Magpie Murders: rather a perfect mystery

Magpie Murders by Anthony Horowitz

3 words: character-driven, absorbing, metafiction

Sometimes you come across a book that’s a perfectly perfect example of its genre.

This is one of them.

If you like classic mysteries, but also like a modern take on a classic… this book is gonna make you very happy.

There’re all kinds of good things going on here.

First: a book within a book. And I kid you not: I got so absorbed in the book-within-the-book that I totally forgot it was part of a larger narrative.

Then the other story line came in, I had a moment of, “Oh, yeah!” followed by a moment of disruption, and then man did I fall into the wider story.

The story-within-the-story is a classic whodunit written by a fictitious author. It’s told in the third person, and it’s a completely engaging story of a 1950s murder in an English village that’s filled with all kinds of believable characters. There’s a larger-than-life famous detective on the case. Very Agatha Christie.

The wider story is also a classic whodunit, but told in the first person, by the current-day editor of the fictitious author. The fictitious author, who recently died a possibly suspicious death. She’s an unlikely detective, but as a mystery aficionada, she’s picked up some skills. And she brings us along for the journey.

It’s suspenseful, it’s literary, there’s a plot that’ll keep you turning the pages, and there are characters to care about.

Perfection, I’m telling you.

Brought to us by the guy who brought us Foyle’s War on the BBC, as well as the excellent Alex Rider spy fiction series for tweens (which I read along with my nephew, and which I liked way more than I expected).

I’m impressed.

Give this book a whirl if you like… classic whodunits, books about authors and book publishing, books within books, British mysteries, Louise Penny

What’s the best mystery you’ve read this summer?

I found my Strengths, and my Strengths won

 

My Strengths mug!

Strengthsfinder 2.0 by Tom Rath

3 words: descriptive, practical, personalized

Oh my goodness. When I was running a couple of months ago, I heard an episode of Side Hustle School where a guy started selling customized mugs that list a person’s top 5 strengths from Strengthsfinder. And I was all, “Must Have Mug.” (I’ve also been meaning to go for the Strengthsfinder thing for a while now, but it took a mug to tip the balance. Because: mugs.)

So I bought the Strengthsfinder 2.0 eBook via the Gallup website, which also includes the strengths evaluation. And I got my list of 5 strengths.

And now… back to the podcasts. I’ve been listening compulsively to the Gallup’s Theme Thursday podcast, especially to the episodes dealing with my 5 strengths. Oh, my.

The coolest thing is that when you buy this book, you gain access to the Strengthsfinder quiz, which reveals your top 5 strengths. And you also receive these great info sheets that tell you how to use your strengths to their best advantage.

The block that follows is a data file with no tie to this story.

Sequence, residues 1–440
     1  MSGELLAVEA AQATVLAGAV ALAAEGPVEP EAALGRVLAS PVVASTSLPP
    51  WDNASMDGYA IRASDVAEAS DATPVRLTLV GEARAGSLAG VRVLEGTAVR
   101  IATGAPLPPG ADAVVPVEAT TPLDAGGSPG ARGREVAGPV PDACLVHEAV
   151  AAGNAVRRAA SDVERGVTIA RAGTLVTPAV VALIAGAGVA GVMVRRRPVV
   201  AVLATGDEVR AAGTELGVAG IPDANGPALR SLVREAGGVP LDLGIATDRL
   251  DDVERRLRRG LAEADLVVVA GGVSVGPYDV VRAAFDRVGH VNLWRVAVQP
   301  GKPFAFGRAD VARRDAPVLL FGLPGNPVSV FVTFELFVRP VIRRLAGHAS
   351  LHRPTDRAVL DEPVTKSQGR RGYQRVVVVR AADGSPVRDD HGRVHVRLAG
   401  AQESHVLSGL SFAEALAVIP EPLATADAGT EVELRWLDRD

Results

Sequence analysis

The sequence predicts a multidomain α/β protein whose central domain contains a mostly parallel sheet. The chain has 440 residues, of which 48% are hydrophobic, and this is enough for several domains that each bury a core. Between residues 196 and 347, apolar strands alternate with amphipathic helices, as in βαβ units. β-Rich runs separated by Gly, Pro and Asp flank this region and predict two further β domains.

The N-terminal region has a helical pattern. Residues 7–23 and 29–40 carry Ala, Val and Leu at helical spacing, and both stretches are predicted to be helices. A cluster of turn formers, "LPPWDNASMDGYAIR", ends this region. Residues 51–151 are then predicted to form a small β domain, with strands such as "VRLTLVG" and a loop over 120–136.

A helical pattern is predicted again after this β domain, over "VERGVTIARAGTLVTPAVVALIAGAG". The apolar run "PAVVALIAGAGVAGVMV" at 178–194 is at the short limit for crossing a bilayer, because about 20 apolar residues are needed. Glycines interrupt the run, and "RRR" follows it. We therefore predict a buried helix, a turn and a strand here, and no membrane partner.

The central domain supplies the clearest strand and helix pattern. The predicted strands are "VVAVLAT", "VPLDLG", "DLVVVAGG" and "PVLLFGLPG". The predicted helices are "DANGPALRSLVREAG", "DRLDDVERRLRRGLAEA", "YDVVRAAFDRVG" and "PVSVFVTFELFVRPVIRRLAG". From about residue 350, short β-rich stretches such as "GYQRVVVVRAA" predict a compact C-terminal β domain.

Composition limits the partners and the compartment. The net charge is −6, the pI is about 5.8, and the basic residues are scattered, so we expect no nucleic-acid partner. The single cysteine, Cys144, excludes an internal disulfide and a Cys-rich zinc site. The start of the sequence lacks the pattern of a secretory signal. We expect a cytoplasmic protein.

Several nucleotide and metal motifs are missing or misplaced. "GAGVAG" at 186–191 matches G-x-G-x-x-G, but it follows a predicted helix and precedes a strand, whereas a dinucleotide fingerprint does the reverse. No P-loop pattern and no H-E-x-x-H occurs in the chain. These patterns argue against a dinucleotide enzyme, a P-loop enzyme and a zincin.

Totally worth the $15 price of the eBook!

This book is full of concrete tips for each strength. While the sections about my key strengths spoke to me directly, it was also fascinating to read about all the other strengths. One nice feature is that each strength chapter contains a section called “Working with others who have [that strength]” — which makes each section more relevant to every reader.

So now I’m writing goals that align with my strengths, and I review them while sipping tea from my customized mug. It would be embarrassing if it weren’t so enjoyable. (Maybe it’s more embarrassing because it’s so enjoyable?)

Give this book a whirl if you like… personality types, building on your strengths, self-improvement books

What’s your favorite book about personality types?

Currently: pure summer

Learning | I attended the American Library Association conference, so: inspired! Also: delighted because Brene Brown and Ron Chernow! (I seriously flapped [metaphorically]. Then nearly cried for joy. Then pulled myself together.)

 

 

Reading | I’ve been doing some comfort reading lately. I’ve got My Mrs. Brown by William Norwich and The Storied Life of A.J. Fikry by Gabrielle Zevin on my nightstand at the moment. They’re both lovely novels that are great before-sleep reading.

Listening | Podcasts: I’m completely hooked on Just the Right Book Podcast with Roxanne Coady. She’s smart and bookish and amiable, and I love hearing her interviews. And Elizabeth Craft, co-host of Happier, has a new podcast — Happier in Hollywood — that she co-hosts with her writing partner. They’re smart and funny, and I like hearing their take on life in Hollywood.

Listening | Audiobooks: I fell right into the wonderful storytelling of No One Is Coming to Save Us by Stephanie Powell Watts, which is terrific on audio. And I’m working my way through The Russian Debutante’s Handbook by Gary Shteyngart (though: at the moment, we’re on a break). I just picked up Aristotle and Dante Discover the Secrets of the Universe by Benjamin Alire Saenz, and I am loving it. Only partly because Lin-Manuel Miranda is the narrator (oh my land!) though I gotta say: his inflections are pitch perfect.